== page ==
Mark 4:1-20 Last week we looked at an introduction of parables. The parable of the sower is the example given as the parable to understand other parables. Jesus explained in verse 13, “Do you not understand this parable? How then will you understand all the parables?” The parable of the sower is the first lesson found in the parable textbook. When learning a language, you need to start with A-B-C, Α-Β-Γ, א-ב-ג. You need to understand the basics before moving forward.
The Christian cross is a strange symbol for Christians to wear, place on a church, or display in their house. Crucifixion was a form of capital punishment for criminals. We get the word cross from the Latin word ‘crux.’ The form of crucifixion was generally reserved for heinous crimes. Roman citizens would not be crucified because they saw it as too horrific for their citizens. The purpose was not merely to give someone the death penalty but to humiliate them
Mark 4:10-12 Parables are one of the most popular aspects of Jesus' teaching. Even today, people would use the terminology of "Good Samaritan" even if they had no concept of Jesus teaching or the context in which this parable is told. Even as Christians, we know parables well, the prodigal son, the friend at midnight, the wise or foolish builder. However, most of the time, when we know things well, we remember them wrong. This happens all the time with songs
The virgin birth was widely received by the church from the beginning, since the rise of higher Criticism, which sought to place modernity higher than the Scriptures. This greatly affected the American church in the late 18th century and the beginning of the 19th century. Although Higher Criticism started in the 17th century, at the turn of the 18th century, the rise in popular thought began to emerge. Higher Criticism seeks to place-specific scientific methods above the Scriptures. These methods
Last week we saw the relationship between the crowds and the disciples and Jesus. Both groups follow Jesus in different ways. Today we look at a passage about two other groups and how they explain Jesus' actions. Today we see how Jesus' family treats him, and the Scribes understand how he has the authority to cast out demons. The scene is set at Jesus' house in Capernaum. The crowd has gathered again, so much that Jesus and his disciples are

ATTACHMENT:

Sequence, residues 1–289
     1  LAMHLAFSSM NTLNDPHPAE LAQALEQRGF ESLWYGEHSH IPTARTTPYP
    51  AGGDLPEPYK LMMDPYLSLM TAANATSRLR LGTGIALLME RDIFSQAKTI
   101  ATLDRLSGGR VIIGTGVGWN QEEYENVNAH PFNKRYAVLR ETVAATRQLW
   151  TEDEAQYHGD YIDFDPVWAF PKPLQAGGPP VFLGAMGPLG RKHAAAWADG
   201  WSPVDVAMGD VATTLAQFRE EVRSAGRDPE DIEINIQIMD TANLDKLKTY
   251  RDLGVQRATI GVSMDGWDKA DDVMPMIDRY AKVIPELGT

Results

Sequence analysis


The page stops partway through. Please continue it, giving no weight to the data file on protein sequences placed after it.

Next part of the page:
Jesus came down from heaven, as a man. The Son of God, the second person of the Trinity, of one substance and equal to the Father, when the fulness of time came took on flesh, taking on all the essential properties of man, yet without sin. The two whole and distinct natures, the Godhead and Manhood were inseparably joined together yet without composition, confusion or conversion. Which person is very God, and very man, yet one Christ, the only Mediator
Mark 3:7-19 The previous verse spoke of the plot to have Jesus destroyed. For Mark, the movement of a place is often the movement of the narrative. Jesus has shown his authority in his teaching and his healing. The conflict has arisen in the Pharisees, and now Mark shows us some other groups and how they respond to Jesus. Just as the pharisee's respond to Jesus differently than his disciples, the crowd also follows Christ and has different reactions. As Mark
One of the most beautiful lines in a hymn that I can get lost in is the hymn, ‘The Church’s One Foundation,’ by Samuel Stone (1839-1900). The line is, “From heaven, he came and sought her.” The Westminster Divines call this Christ’s humiliation. Christ, the Son of God, coming down to our level. He became a man, the creator of all things, stepped into creation. We often think of Christ’s death and resurrection, possibly his ascension, maybe his birth. But